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What In The World Is God Doing?

Psalm 10

As I start tonight, I want to read you some words written by a syndicated columnist. I want to read the words and then I want to tell you when the words were written: “What interests me is not whether God exists—I assume He does—but what on earth is He doing? What is He up to at this present moment?” Those words were written by a syndicated columnist just two days after the Columbine High School school shooting. Tonight we are in the shadow of another such shooting. I was watching on television. They were interviewing some of the people related to children who were killed or wounded in the shooting in Santee, California. One mother said: “How could God let this happen?”

Good question. That’s basically the question of the Psalmist. The Psalmist says: “Lord, why do You stand so far off? Why do You hide Yourself in time of trouble?” I suspect that all of us, somewhere down in our hearts have that kind of question at one point in time or another. I really rather doubt that there are any of us here who do not believe that God exists. I suspect that all of us do have some belief that there is a higher power; some primal cause behind this universe of ours. But I suspect that if we’re honest, there are times when we wonder what on earth is God doing? What on earth is God doing? Why does He seem so far off? Why does He seem to hide Himself in time of trouble? Why do these terrible things happen, and it’s almost as if God has simply drawn the veil and hidden His face from view. As a matter of fact, I will confess to you, when it seems to me that I and those who are around me are caught up in a world that is nothing more than an undisciplined madhouse and it seems so often that our lives are simply at the mercy of fate. And at a time like that, I find myself wanting to echo the complaint of the great writer, H.G. Wells. H. G. Wells once said: “God is an ever-absent help in time of trouble.” What an incredibly cruel twist: “God is an ever-absent help in time of trouble.”

Mind you, the complaint is not new. It appears all the way through the Bible. More times that you can count you will find in the Bible a question that is expressed much like this: Where is God when I need God? The Psalmist: “Why are You so far off? Why do You hide Your face in time of trouble?” So it was for Noah—remember Noah, floating about in his giant ark—with nothing around him but smelly animals and empty seas and nothing above him but skies overflowing with rain. Where is God? So it was for the Israelites—for four centuries held in slavery in Egypt and the unanswering silence of heaven was like pouring salt into the open wounds of their suffering. Where is God? Why do You hide Your face from trouble? So it was for Job, who out of tortured agony literally shook his fist at the heavens and dared God to come out and face him like a man. Where is God? God, why do You stand so far off? Why do You hide Yourself in time of trouble. You can find that question in the Bible and in life, but the reality is that the message of the Bible is much deeper, much more profound than that. Remember, please, this Psalm 10 begins with that question of despair and then this catalog of horrors of living in this world filled with evil, but this Psalm ends with triumphant affirmation of faith.

The message is this: Yes, there is trouble in the world, but God is God and God will live forever. That’s the message of the Scriptures—that even in the bad times God is at work. Do you remember how Paul put that in Romans 8:28? “We know that in everything God works for good.” In everything. In the good and the bad. In everything God works for good to those who love Him; to those who are called according to His purpose. That’s the message of the Bible, and I am convinced that for us, when we sense that God is not there, when we allow all of the troubles and the difficulties of life to blind us to the workings of God in the world and in our lives, I am convinced it is because we are looking for God in the wrong places and in the wrong ways.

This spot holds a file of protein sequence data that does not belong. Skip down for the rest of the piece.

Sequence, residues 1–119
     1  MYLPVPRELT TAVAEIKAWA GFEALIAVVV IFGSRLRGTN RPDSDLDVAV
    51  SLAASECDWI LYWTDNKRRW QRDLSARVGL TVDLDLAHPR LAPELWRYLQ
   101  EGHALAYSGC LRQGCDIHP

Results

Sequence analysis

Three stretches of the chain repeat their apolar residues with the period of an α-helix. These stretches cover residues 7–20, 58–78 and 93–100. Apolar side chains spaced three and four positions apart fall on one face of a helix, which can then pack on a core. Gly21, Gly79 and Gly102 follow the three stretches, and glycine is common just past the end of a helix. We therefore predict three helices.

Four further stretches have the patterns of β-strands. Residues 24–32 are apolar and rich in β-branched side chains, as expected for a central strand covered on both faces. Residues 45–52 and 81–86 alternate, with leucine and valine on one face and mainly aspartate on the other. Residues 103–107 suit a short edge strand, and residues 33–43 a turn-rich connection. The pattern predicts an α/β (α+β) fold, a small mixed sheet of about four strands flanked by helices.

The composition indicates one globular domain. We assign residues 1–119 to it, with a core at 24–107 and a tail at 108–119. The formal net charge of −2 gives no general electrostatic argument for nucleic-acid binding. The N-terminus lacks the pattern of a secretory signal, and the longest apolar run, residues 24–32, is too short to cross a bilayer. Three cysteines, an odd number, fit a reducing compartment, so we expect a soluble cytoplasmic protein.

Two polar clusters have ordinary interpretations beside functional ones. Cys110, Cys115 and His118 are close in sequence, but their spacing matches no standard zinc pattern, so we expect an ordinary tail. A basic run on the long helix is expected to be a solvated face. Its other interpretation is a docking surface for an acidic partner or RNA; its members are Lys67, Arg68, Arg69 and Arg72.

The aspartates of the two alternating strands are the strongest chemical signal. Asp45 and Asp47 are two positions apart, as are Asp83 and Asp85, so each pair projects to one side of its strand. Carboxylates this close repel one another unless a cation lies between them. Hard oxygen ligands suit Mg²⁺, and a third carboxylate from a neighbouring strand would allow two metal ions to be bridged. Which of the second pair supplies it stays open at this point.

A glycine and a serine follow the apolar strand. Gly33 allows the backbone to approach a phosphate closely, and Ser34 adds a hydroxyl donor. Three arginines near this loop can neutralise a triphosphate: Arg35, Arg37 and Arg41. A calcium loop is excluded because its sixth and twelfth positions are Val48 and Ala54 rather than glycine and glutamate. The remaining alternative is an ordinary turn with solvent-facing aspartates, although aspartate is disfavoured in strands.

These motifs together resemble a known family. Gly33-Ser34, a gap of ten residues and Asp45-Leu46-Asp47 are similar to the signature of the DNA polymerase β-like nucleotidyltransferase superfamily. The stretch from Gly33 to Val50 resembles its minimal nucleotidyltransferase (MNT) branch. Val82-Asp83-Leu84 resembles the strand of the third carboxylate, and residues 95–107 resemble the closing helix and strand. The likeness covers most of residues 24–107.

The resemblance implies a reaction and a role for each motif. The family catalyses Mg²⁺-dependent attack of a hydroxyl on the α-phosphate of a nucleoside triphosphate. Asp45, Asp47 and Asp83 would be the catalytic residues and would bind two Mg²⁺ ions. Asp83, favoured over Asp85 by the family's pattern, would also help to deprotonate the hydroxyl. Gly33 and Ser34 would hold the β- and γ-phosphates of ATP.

First, we must not look for God in the wrong places.

Grant Taft—that’s a name that some of you might recognize—he was, for a number of years, the head coach of the Baylor University football team in Texas. Grant Taft is a deeply committed Christian, but I will have to tell you that he has a rather unusual sense of humor. He does some really bizarre things. I could give you a number of examples, but here is one. One of Coach Taft’s assistant coaches asked if they might go hunting together. Taft remembered that one of his former players had issued a standing invitation to hunt on his ranch any time the coach desired. So Coach Taft and his assistant headed out to the ranch. When they arrived, Taft left his assistant in the car and went into the house to ask his former player if they could hunt on the ranch that day. The former player said: “Sure Coach, but I’ve got to ask you to do me a favor. Did you see that old mule down by the gate? The vet says that he is in pain and he is dying and I’ve got to put him out of his misery, but Coach, I can’t do it. That mule has been with me and my family for nearly thirty years. I can’t shoot him. I just can’t do it. Would you do it for me?” Coach Taft said: “Well, I’ve never done anything like that before.” And the player said: “Coach, you’re the best friend I’ve ever had. You just have to do it for me.” So Coach Taft agreed to do it. On the way back to the car, he got an idea for a joke. He put an angry expression on his face, walked over to the car and he said to his assistant coach: “That worthless upstart! He won’t let us hunt on his ranch. I helped make him what he is today, and we drive all the way down here to hunt for a couple of hours on his ranch and he won’t let me do it. I’m going to show him! I’m going to shoot his mule.” The assistant coach was shocked. He said: “You wouldn’t do something like that now Coach.” And Grant Taft said: “Yes I would, and you watch what I do.” He reached in, grabbed his gun, turned and walked across the pasture toward the gate, took aim—BAM! -one shot and the mule fell. Immediately he heard two more shots ring out -BAM! BAM! He reeled around in horror and saw the assistant coach standing by the car holding his gun. Taft ran over to him and cried: “What are you doing?” And the assistant coach cried: “I just got two of his cows, Coach. Now let’s get out of here!”